An Edmonton man who says he was assaulted with a crowbar and a box-cutter last February won't get his day in court.
Christopher Liburdi is a complainant in one of the 15 cases stayed by Edmonton's chief Crown prosecutor on Tuesday.
Shelley Bykewich cited a lack of resources as the reason for suspending more than 40 charges in total, including fraud, impaired driving, assaulting a peace officer and uttering threats.
The suspension of the 15 cases came after the Supreme Court decision in 2016 that says criminal cases should be completed within a "reasonable" length of time.
Liburdi, a parking enforcer, was braced for his alleged attacker's first court date on March 20. Charges against the man included assault with a weapon, intimidation and uttering threats.
He didn't find out the case had been stayed until Wednesday, when CBC News asked for an interview.
"I'm still in shock," Liburdi said.
While patrolling Edmonton's Tamarack neighbourhood, Liburdi noticed someone had parked in a private lot.
As Liburdi placed a clamp on one tire, he said a man in a nearby group started yelling and then approached with a box-cutter.
"He was screaming, 'Get it off! Take it off, or else I'm going to kill you!' "
Liburdi ran back to his own car, jamming down the locks before calling police.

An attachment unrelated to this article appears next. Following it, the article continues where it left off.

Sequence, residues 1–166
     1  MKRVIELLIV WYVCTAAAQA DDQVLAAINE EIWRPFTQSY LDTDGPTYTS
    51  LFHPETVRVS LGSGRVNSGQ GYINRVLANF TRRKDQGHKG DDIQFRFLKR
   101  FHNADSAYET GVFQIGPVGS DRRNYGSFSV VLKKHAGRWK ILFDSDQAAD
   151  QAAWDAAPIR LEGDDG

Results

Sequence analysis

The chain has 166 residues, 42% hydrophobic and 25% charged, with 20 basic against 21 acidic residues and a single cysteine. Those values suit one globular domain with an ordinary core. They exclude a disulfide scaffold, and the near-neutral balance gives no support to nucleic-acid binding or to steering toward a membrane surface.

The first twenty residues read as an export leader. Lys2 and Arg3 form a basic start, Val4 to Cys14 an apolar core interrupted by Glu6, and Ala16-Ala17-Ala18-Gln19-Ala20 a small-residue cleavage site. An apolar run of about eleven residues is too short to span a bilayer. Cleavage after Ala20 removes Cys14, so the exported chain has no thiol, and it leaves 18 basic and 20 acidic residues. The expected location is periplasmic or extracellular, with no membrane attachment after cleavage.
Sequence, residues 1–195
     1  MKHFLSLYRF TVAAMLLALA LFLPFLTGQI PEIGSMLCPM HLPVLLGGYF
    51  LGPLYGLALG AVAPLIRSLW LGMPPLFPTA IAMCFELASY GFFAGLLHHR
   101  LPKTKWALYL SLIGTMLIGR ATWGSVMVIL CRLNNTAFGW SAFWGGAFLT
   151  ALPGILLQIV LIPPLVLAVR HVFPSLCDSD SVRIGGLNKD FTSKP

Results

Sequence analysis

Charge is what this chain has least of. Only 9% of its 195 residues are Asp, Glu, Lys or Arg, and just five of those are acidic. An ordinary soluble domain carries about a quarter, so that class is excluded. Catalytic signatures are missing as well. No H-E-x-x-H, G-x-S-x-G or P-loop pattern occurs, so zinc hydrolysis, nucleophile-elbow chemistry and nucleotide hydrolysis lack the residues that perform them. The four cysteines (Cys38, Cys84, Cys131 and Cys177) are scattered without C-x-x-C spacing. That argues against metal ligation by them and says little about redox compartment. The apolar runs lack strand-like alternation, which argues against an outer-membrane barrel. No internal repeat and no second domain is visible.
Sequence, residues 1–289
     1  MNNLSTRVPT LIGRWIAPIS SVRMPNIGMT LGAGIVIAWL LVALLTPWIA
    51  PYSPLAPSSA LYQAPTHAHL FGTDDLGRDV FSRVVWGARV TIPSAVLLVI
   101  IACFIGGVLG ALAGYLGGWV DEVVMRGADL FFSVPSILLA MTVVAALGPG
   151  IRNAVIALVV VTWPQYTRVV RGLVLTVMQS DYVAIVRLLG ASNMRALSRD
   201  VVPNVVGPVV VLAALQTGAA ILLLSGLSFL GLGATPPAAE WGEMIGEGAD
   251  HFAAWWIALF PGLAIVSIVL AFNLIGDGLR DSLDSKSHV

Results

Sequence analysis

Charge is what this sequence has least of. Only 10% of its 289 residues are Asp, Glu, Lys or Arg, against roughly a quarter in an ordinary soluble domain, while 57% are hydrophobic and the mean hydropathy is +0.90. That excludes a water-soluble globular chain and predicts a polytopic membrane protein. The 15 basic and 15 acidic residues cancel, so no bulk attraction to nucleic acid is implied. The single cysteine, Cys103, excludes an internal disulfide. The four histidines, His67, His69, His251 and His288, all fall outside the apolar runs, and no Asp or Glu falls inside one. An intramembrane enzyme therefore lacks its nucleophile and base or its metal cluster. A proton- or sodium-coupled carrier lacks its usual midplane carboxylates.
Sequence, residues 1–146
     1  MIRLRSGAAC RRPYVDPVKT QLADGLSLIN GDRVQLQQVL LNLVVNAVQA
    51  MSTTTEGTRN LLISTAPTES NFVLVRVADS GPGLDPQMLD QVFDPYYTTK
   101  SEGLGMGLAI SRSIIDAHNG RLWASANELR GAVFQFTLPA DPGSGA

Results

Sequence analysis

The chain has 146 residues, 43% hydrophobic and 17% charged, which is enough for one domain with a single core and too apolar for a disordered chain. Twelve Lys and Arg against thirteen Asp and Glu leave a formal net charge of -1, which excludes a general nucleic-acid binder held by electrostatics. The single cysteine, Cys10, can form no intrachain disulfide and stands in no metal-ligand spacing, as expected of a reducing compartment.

"Right when I locked my door, he was there trying to get into my car," he recalled. "Then, he ran to his car, not far from my car, opened his trunk and then grabbed what looked like a tire iron."
The man returned, brandishing the metal rod, and threatened to smash Liburdi's window if he didn't remove the tire clamp. Liburdi reversed and tried to flee, but said the man used a friend's car to block the parking lot entrance.
"I was driving, trying to dodge him," Liburdi said. "He came up to my window and started kicking my car, denting my car.
"I haven't really talked to anyone about this ... It was just really traumatic."
When police arrived, Liburdi said the man tried to escape into a nearby fitness centre. Police followed and arrested him on-scene.
"If I wasn't fast on my feet to get in my car, god knows what would have happened," Liburdi said. "I thought my life was in danger at the moment, and I've never felt that before. I was definitely scared."
'Just doing my job'
Deanne Elliott, Liburdi's mother, co-owns the parking enforcement company involved in the case.
"I have many employees across Canada that are in a very vulnerable position," Elliott said.
"It affects me to this day, knowing that I put employees out there every day to do a job and not knowing if something like this could be repeated. These are the times that you wonder and you hope that everyone goes home safely at night."
After the assault, Elliott outfitted staff at RFM Parking with GoPro cameras and dashcams. Even still, she said her son's behaviour at work isn't back to normal.
"Every day, when I go out to work, I have to be cautious," Liburdi explained.
"I was just doing my job and I got attacked and now [the case] is just gone. I don't know what to say.
"It's just upsetting, you know?"
Elliott said she doesn't know how to protect her staff without help from Alberta's justice system. She worries another employee will run into the man who allegedly attacked her son.
"It's pretty disappointing to know that, especially with what happened, this gentleman is walking clear," she said.
"They have to maybe hire more judges. Do something. But to allow people to walk without ever being heard, I think that's wrong."